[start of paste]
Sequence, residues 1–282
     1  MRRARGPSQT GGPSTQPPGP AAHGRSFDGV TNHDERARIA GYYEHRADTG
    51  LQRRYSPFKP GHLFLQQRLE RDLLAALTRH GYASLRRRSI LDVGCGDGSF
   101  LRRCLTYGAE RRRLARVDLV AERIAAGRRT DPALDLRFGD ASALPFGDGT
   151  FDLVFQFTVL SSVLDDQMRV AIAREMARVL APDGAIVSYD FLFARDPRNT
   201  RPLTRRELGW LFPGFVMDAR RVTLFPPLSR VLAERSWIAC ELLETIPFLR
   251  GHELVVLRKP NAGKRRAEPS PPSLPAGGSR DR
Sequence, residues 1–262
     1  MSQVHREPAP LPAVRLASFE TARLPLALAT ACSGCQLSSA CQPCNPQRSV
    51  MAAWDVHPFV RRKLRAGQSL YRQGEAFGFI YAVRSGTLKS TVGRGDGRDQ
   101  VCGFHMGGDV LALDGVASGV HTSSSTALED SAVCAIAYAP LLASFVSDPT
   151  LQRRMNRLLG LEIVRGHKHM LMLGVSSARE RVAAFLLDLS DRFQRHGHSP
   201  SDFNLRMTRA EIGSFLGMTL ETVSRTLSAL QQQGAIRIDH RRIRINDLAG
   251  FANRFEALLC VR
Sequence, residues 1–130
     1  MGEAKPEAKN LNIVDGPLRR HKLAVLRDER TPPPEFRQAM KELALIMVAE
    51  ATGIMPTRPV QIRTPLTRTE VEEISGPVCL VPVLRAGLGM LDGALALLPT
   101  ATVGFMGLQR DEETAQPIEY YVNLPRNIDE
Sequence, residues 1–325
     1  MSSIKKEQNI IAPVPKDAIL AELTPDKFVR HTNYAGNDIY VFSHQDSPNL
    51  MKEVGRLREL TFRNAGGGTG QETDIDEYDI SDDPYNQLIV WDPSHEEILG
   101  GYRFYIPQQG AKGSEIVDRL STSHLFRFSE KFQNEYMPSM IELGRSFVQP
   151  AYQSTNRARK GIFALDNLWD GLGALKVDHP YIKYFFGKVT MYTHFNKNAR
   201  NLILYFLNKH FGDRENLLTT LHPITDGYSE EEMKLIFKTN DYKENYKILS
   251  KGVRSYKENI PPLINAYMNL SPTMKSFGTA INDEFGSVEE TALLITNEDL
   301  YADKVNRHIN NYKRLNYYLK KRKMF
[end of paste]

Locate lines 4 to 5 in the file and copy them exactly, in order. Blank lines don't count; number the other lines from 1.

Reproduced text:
   101  LRRCLTYGAE RRRLARVDLV AERIAAGRRT DPALDLRFGD ASALPFGDGT
   151  FDLVFQFTVL SSVLDDQMRV AIAREMARVL APDGAIVSYD FLFARDPRNT